Lucero: Among the Ghosts 

Ben Nichols on Lucero’s new album — and the pastoral life.

Lucero

Dan Ball

Lucero

With the release of Lucero's first album since 2015's All a Man Should Do this week, a new page has been turned in the band's life. With Ben Nichols, the group's singer and songwriter, settling into married life and fatherhood, and the band celebrating its 20th year this spring, the new songs strike out for new territory with a wistful nod to the past. As with the cover image of Among the Ghosts — a homespun church blurring into reflections of the floodwater surrounding it — the sounds of the new album are deceptively spare, but full of shadows.

Ghosts has the cinematic sweep of classic Springsteen, but it's a cinema filled with dread and ominous foreboding. It's no great stretch when, near the album's end, Nichols' voice drops out and one hears a noir-inspired monologue by actor Michael Shannon. Not unlike Harlan T. Bobo's recent foray into fatherhood, which resulted in the darkest music of his career, Nichols turns from his new grounding in parental life to cast an eye at the broken world our children will inherit.

When Nichols called me from his home in Ohio, he contrasted the bliss of his current life with the brooding songs he's created.

click to enlarge music_lucero_atg_digital_cover-01.jpg

Flyer: It seems your lyrics have become more writerly. Does this grow out of being more of a dad and homebody these days?

Ben Nichols: It's kinda like living in the witness protection program. Nobody knows me. We're out here in the middle of nowhere. We've got a couple acres out in the country. It's all dairy farms and fields, and it's real nice. I don't do anything, I just hang out at the house with the family. I'm happier than I've ever been, but I've written some of the darker songs that we've written recently. Now the stakes are higher. I've got something to lose. I've got something I actually care about. In the past, it didn't matter which direction the world went, but now, I've got a little girl. And things matter more now than they used to. And things are scarier now than they used to be.

I love all the old Lucero songs, all the drinking songs and heartbreak songs, which pretty much came straight out of my life, but I don't have to write those again. It was nice going in a slightly different direction this time. I was trying to think of the songs more as short stories. I think it fit the music as well.

What authors have you been inspired by?

For "Long Way Back Home," which we just filmed a video for, I was definitely thinking about Larry Brown and Ron Rash. And also my little brother, Jeff Nichols, and his films, like Shotgun Stories and Mud. I wanted to capture that kind of Southern storytelling. Songs like "Everything Has Changed," the whole idea of that song, the guilt in that song, is straight outta that Tim O'Brien story, The Things They Carried.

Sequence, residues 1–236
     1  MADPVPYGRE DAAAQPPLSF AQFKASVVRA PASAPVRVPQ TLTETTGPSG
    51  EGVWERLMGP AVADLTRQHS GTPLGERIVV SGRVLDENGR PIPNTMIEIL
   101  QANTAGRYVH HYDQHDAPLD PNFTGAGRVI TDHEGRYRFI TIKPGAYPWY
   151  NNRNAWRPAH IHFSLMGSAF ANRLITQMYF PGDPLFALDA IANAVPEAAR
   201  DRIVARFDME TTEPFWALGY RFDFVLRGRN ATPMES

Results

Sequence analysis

There's a yearning for home that plays through the record. It's very specific in the title track, "Among the Ghosts." That one is most directly from my point of view: being on the road and missing my family. But then you've got "To My Dearest Wife," which is more from a soldier's perspective. It's based on some Civil War letters that I found, but I didn't wanna make it too specific.

click to enlarge Lucero at Sam Phillips Recording - DAN BALL
  • Dan Ball
  • Lucero at Sam Phillips Recording

The tracks also evoke wide open spaces, but with big guitar tones instead of horns.

We were taking a step back from what we'd done on the last three records, recorded at Ardent, which was a very Memphis-centric sound. We had the big horn section and the boogie-woogie piano that Rick Steff was playing. With this one, I was deliberately taking a step away from that. We changed studios; we went to Sam Phillips. And we changed producers; we worked with Matt Ross-Spang. And we deliberately went in more classic rock direction. Something that was more cinematic and more melancholy.

Does touring have a more melancholy edge now?

It's a whole new kind of heartbreak, leaving a two-year-old daughter at home. Before, you'd leave a girlfriend or your friends behind for a month or two. Leaving your little girl behind is tougher. But overall, it's a pretty sweet setup. Come up with guitar parts at home with my daughter running around, and then go down to Memphis and record 'em in a place like Sam Phillips Studio? Yeah, you can't beat it.

Lucero releases Among the Ghosts (Liberty & Lament / Thirty Tigers) on August 3rd.

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